How does a water softener work
There are many methods of water softening that allow you to deal with water “hardness”. Four methods have become among the most desired: ion exchange, reverse osmosis, electronic and magnetic methods. Each water softening method has positives and negatives, but all work to eliminate hard water from your home.
Using the ion exchange method, also referred to as the salt-based method, a pressure tank is installed and filled with negatively charged ion exchange resin, or sodium ions. Each time water passes through this exchange site, the resin’s attraction for the positively charged “hard” ions of magnesium, calcium and iron causes it to take on the hardness ions and give up its sodium ions, thus creating an ion exchange in which only soft water flows. All ion exchange systems have an automatic regeneration cycle in which an upward flush of water, called backwash, loosens the resin bed and flushes out resin particles so that the sodium ions are again ready to take on hard water ions. The main concern of the ion exchange method is that sodium remains in the soft water, which may be harmful to those on sodium-restricted diets and present an unpleasant taste. As a result, water processed through ion exchange systems is not recommended for drinking, houseplants or gardens due to the high salt content. In either case, however, a separate water dispenser may be installed or potassium chloride may be used in place of salt. This method is among the most assured, but it does require maintenance to both monitor and refill the tank with salt, or potassium chloride, about every 2 months, depending on how much water is used. This method also requires professional installation.
Reverse osmosis systems provide you with salt free water that is removed of hard minerals. The process forces water under pressure through a semi-permeable membrane that allows water molecules to pass through, trapping larger molecules such as calcium, magnesium and iron. Reverse osmosis water softening can be used in conjunction with salt-based water softening to remove salt that has been left in a water supply. However, this method wastes up to 15 percent of water through a flushing process in order to keep the membrane clean and requires maintenance of the storage tank to ensure that it is free of bacteria build-up. One great benefit of this method, though, is that there is no limit to the amount of water’s “hardness” it can handle.
Electronic water softening works without salt, chemicals or changes to plumbing. It is also often referred to as the salt-free method of conditioning. Mounted onto your pipes is an electromagnetic device containing a computer chip. This computer chip is programmed to bombard water passing through your pipe with hundreds of electromagnetic low frequency pulses. These electromagnetic pulses increase the electromotive attraction of water to minerals so that the calcium bicarbonate dissolved in your water supply does not turn into calcium carbonate, which attaches to pipes and creates scale. Technically, electronic water softening does not remove minerals from your water supply, but alters them so they do not form scale. This method is easy to use and solves the problem of scale without added sodium to your water supply, but is not ideal for homes with extreme hard water problems.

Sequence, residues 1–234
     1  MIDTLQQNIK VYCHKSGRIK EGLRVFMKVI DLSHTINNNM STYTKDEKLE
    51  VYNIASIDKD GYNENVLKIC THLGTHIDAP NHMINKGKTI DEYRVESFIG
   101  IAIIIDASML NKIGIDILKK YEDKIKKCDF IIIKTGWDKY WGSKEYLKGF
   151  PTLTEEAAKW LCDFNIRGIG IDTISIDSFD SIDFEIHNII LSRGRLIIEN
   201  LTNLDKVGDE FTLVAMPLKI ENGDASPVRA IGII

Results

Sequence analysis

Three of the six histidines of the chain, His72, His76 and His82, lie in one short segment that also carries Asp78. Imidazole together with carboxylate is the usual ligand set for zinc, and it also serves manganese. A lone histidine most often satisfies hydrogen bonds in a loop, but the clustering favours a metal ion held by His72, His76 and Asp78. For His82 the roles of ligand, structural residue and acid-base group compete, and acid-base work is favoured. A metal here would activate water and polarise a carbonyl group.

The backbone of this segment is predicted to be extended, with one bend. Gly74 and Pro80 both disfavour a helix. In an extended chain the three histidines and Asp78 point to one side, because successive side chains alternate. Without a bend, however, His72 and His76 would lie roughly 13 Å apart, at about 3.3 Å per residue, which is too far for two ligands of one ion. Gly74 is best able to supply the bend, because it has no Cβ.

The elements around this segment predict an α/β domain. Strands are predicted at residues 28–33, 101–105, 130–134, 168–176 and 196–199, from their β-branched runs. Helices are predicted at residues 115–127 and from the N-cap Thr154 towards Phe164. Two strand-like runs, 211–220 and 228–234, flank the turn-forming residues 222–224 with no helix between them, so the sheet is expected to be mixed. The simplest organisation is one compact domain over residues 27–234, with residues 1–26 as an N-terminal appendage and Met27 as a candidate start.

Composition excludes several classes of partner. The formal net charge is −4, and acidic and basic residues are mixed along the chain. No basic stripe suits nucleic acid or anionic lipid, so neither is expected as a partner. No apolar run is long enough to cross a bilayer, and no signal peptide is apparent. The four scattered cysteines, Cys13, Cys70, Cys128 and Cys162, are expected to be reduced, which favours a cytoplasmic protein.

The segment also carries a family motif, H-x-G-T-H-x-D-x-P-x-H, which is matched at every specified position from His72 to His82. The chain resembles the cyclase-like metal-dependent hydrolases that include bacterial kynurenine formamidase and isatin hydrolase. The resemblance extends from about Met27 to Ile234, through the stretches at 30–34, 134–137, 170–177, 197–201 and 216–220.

Magnetic water softening, or magnetic water treatment (MWT), relies on strategically placed magnets surrounding pipes to extract the minerals from the water, namely calcium, magnesium and iron. Magnetic water softening is ideal for apartments or single-family homes where space does not permit the installation of a whole house water softener. However, the limitations from this method include having pipes made of weak material, such as copper or plastic. In addition, water goes back to a hard state within 48 hours of leaving the magnetic field and in order to become soft again, it must pass by the magnetic field. Magnetic water softening is among the least expensive techniques.
Brands like Culligan, Ecowater and Kinetico are leaders in the industry of water softeners and conditioners and offer water testing, system installation and service.